6. Environmental, Social and Governance (ESG) campaigns will become bolder and more common

Corporates will continue to face ever greater pressure to address social and environmental issues. Such pressure has intensified through 2020 with a record number of such ESG focused resolutions, and we predict that activist funds will not be shy in building on that market sentiment into their campaigns

Outlook for 2021 – in more detail

  • At risk’ companies – COVID-19 fallout increases in number
  • Campaigns– ‘crunch time’ approaching after a lull in activist activity
  • U.K.– resurgence of interest in targets
  • Operational transformation – key focus of campaigns
  • Industrials, tech and healthcare – in the activist crosshairs
  • ESG– becoming a key focus of activism

Our AAA model identifies 161 companies that we believe are at significant risk of public shareholder campaigns, slightly up from 158 at the time of our last report in December 2019.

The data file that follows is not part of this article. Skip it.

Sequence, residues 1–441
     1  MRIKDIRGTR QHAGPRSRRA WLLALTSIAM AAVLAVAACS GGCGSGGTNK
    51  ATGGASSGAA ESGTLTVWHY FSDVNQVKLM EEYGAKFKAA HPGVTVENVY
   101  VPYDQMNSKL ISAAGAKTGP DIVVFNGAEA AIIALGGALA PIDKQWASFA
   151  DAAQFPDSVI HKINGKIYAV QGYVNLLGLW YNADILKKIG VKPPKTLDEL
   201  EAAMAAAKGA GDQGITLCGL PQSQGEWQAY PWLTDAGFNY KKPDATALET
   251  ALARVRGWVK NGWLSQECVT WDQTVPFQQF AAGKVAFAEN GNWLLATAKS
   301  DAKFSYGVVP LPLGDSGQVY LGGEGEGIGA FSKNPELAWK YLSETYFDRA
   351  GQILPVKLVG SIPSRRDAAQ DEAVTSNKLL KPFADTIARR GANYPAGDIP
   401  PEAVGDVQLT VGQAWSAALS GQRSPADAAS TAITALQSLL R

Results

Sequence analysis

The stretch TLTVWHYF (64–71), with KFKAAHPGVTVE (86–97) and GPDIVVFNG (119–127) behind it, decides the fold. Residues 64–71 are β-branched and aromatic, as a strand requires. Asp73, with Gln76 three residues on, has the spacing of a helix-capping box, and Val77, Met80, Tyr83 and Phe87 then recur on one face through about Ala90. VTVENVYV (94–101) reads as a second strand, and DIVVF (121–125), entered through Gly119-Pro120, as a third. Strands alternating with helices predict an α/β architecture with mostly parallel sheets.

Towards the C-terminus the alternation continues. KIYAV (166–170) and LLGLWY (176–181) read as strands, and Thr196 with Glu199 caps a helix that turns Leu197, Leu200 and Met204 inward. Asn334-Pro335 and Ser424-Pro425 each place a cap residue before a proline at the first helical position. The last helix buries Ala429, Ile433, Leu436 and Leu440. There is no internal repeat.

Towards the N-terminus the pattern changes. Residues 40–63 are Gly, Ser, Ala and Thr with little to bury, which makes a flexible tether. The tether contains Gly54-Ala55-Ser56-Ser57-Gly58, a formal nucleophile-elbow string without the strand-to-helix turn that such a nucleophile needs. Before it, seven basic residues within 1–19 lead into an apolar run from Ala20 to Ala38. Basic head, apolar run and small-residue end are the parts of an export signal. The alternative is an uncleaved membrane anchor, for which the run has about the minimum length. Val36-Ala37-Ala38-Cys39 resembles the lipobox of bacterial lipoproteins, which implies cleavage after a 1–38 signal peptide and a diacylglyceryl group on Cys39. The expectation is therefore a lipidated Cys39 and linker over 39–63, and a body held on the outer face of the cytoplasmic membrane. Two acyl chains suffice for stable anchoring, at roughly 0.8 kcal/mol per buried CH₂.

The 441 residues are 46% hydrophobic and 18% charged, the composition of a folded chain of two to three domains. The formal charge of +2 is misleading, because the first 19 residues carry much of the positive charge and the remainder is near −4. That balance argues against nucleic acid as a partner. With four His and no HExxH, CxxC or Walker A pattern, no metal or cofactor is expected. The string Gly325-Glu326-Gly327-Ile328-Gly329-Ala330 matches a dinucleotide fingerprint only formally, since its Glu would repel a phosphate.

However, the number of activist campaigns launched so far this year has declined as these investors paused activity to assess the market turmoil.

As we move into 2021 – and despite the continuing effects of the pandemic – we predict that the numbers will rebound as activists return to the public stage and deploy capital in earnest once again. We also forecast more campaigns advocating operational transformation programmes including M&A to release greater value from underperforming companies.  

In addition to a resurgence of interest in the U.K, the sectoral mix will also change with consumer-focused companies falling further out of favour.

We believe that the COVID-19 disruption to areas such as hospitality, physical retail and travel has left much of the sector too deeply damaged to be of immediate interest to activist investors, who typically focus on underperforming companies that have a clear path to recovery – a good company that can become great is the ideal target.